FWP Commission rejects Madison River proposal
The Montana Fish and Wildlife Commission rejected a proposed plan regulating recreation use on the Madison River during an April 19 meeting in Helena. The Madison River Recreation Plan, which was drafted by state fisheries officials, would have regulated commercial fishing use on the river. The commission voted 4-0 against the current proposal.
The plan would have capped the number of commercial outfitters at 213, the 2017 number of active permit holders, and limited trips per day; roughly 10 per day from June 16 through Sept. 30. Only five trips per day would be allowed Jan. 1 through June 15, and Oct. 1 through Dec. 31. According to Montana Fish, Wildlife and Parks Region Three Fisheries Manager Travis Horton, the proposed plan would have allowed for a possible 1.5 million commercial trips.
The regulations came as a response to overcrowding on the Madison River after Montana Fish, Wildlife and Parks reported pressure on the river has seen a steady increase over the past 10 years, peaking at 179,000 angler days in 2017. A press release from FWP stated commercial outfitters had increased by 72 percent since 2008.
The Commission heard from several outfitters who opposed the plan, saying the proposal did nothing to regulate non-commercial anglers. Ennis outfitter John Way, who spoke in opposition of the proposal during the April 19 meeting, said he felt the Commission made the right decision. “I believe the Madison needs a holistic recreation management plan and unfortunately, I don’t think this was the right approach,” he said.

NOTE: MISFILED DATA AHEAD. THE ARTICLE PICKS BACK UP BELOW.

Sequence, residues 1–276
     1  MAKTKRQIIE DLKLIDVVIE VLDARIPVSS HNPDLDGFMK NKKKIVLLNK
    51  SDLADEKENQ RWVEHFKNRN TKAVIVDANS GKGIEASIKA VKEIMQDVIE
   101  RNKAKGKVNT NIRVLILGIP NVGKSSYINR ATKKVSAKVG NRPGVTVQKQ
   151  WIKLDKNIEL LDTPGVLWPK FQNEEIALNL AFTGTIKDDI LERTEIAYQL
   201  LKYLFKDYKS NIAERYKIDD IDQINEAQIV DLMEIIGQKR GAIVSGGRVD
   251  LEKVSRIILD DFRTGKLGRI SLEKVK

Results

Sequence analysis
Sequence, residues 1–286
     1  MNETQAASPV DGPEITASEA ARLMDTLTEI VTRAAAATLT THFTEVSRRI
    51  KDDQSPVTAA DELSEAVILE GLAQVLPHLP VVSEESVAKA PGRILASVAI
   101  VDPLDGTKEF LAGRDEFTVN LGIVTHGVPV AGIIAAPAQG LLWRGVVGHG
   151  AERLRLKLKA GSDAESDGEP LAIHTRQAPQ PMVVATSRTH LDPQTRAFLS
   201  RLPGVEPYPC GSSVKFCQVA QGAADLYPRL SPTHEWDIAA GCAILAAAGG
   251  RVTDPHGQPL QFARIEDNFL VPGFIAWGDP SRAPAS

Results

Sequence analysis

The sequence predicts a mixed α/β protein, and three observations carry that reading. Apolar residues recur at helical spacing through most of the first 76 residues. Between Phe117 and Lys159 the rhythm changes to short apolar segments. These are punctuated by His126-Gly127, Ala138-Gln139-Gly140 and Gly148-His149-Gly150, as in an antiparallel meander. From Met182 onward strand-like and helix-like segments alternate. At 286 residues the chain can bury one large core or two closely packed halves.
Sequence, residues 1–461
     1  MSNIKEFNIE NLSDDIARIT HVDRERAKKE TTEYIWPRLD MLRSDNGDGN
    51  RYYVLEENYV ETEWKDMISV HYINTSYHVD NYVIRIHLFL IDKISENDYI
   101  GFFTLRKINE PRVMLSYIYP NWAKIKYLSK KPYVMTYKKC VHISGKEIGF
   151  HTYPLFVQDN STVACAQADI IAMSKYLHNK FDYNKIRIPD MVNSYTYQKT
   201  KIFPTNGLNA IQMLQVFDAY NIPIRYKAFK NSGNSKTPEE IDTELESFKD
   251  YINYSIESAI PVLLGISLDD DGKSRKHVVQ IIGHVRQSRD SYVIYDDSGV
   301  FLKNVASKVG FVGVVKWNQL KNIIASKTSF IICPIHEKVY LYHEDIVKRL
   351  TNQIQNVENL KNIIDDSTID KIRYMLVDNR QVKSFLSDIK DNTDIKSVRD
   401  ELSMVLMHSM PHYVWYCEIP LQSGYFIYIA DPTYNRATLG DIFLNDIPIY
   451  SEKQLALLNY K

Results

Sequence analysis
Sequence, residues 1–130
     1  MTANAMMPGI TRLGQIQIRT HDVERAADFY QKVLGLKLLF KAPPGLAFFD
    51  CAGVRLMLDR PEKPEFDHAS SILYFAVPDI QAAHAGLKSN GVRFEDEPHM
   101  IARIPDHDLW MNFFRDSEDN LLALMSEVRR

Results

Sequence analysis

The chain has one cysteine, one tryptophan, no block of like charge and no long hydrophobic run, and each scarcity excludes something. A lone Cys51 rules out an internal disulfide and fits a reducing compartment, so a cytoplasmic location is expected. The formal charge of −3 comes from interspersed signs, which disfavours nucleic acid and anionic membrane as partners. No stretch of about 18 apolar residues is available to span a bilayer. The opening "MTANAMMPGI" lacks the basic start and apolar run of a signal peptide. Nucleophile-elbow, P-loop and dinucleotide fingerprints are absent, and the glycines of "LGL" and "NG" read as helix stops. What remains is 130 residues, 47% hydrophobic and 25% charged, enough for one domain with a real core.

Prior to the vote, Way said he felt the plan lacked definition and was not solving the problem in regard to overall use, basin wide.
The proposed plan would have closed different reaches of the river each day to commercial users, including totally banning commercial use in the lowest reach, Greycliff Fishing Access Site to the Jefferson River. “In the upper Madison, there are 37 miles of floatable water right now,” said Way. “If you close one stretch a day to outfitters, you still have the same amount of use in less space. That’s not managing use, that’s putting more rats in a tighter cage.”
Way served on the Madison River Citizen Advisory Committee, which sent recommendations to FWP in 2014 regarding the river, but did not propose any regulations on commercial use.
The Madison River Foundation issued a press release after the April 19 vote, saying the Madison River Foundation Board of Directors was disappointed in the Commission’s decision. The Foundation, whose mission is to preserve, protect and enhance the Madison River, was in favor of the proposal and its limits on glass in the river, the proposed regulations on special recreation permit holders and regulations from the outlet of Quake Lake to Lyons Bridge and Ennis Bridge to Ennis Lake to reduce conflict between walk/wade and float anglers.
“Sending the plan to public comment would have allowed for input from all users, instead the commission decided to start the process over,” said MRF Executive Director Lauren Wittorp in the release. “… FWP took the right approach in producing a fair, well researched plan that included public input. The Commission and those who voiced opposition have put the Madison River fishery in jeopardy.”
Horton stated prior to the decision the Madison River fish populations were in good condition but fish behavior has changed. “There is a threshold where use could start affecting fish population, but we don’t know where that threshold is,” he stated.
Horton said FWP is still deciding how to move forward.